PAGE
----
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in multi-threaded code does System.nanoTime() produces small inaccuracy whenever the threads are rescheduled? and if yes does this error accumulates and is this also true in single-threaded code?

for example when threads start executing it get the time using System.nanoTime() at the beginning and then just before exiting from thread block it records the time using same System.nanoTime()

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Be aware that most computers have only soft-time since any hardware TrueTime solution is costly. And soft-time is accurate only up to probably 1ms depending on the hardware, OS and the programming language. Refer to this docs: docs.oracle.com/javase/6/docs/api/java/lang/… it says that it's behavior is not guaranteed –  OmarIthawi Feb 24 '13 at 9:24
Check this out for TrueTime stuff: symmetricom.com –  OmarIthawi Feb 24 '13 at 9:25
How do you measure that inaccuracy? Do you have a test? –  Ralf H Feb 24 '13 at 19:16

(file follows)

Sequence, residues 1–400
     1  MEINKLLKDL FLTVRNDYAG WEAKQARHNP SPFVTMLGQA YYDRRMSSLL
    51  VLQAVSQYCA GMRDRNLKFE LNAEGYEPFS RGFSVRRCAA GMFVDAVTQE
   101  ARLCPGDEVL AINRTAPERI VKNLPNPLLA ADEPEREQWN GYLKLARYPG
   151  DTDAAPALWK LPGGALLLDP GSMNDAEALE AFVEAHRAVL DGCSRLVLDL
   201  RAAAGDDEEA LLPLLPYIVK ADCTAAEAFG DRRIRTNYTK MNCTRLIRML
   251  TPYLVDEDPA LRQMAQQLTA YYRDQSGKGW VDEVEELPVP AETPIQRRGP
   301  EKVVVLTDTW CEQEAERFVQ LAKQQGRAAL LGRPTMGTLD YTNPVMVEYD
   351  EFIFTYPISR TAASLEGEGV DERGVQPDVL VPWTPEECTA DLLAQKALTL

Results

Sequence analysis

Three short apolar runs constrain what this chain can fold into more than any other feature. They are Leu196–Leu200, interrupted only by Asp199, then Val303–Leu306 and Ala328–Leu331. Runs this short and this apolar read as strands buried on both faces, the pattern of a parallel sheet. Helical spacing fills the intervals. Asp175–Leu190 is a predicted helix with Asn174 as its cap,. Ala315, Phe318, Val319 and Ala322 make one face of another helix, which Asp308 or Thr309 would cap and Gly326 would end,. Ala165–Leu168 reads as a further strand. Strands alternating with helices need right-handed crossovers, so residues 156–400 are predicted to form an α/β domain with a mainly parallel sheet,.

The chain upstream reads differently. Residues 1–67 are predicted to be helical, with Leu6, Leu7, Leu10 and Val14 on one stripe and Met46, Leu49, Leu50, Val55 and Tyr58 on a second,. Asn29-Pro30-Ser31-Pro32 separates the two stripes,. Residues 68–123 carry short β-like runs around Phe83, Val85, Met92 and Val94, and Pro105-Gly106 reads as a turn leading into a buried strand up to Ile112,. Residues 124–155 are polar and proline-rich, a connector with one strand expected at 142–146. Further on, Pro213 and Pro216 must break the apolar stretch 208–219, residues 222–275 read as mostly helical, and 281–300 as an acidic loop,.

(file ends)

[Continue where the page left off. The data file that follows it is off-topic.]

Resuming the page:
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What do you mean by "small inaccuracy"? Although System.nanoTime() gives you nanosecond resolution, there's no guarantee as to the accuracy of the elapsed time that it measures. As far as I know, calling System.nanoTime() won't disrupt thread scheduling; there's a small cost of the method call and execution, but that's it. (Of course, doing lots of those calls will accumulate significant CPU time if you do enough of them.)

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500ns or 1500ns is not a small cost for each System.nanoTime(), i didn't do these test myself but you can find it here , i was just wondering [link] (stackoverflow.com/questions/2476203/…) –  waheebyaqub Feb 24 '13 at 9:57
@waheebyaqub - If 1500 ns is a significant fraction of the time you are measuring, then the accuracy of the measurement is likely to be a bigger source of error. Also, variations in system load, the occasional pauses for the garbage collector, and other vagaries of the execution environment are going to introduce significantly more variation than 1500 ns. Like the most up-voted answer in your link points out, the proper approach to instrumenting tight loops is statistical sampling. It averages out lots of errors and reduces the impact of the instrumentation itself in the results. –  Ted Hopp Feb 24 '13 at 17:06

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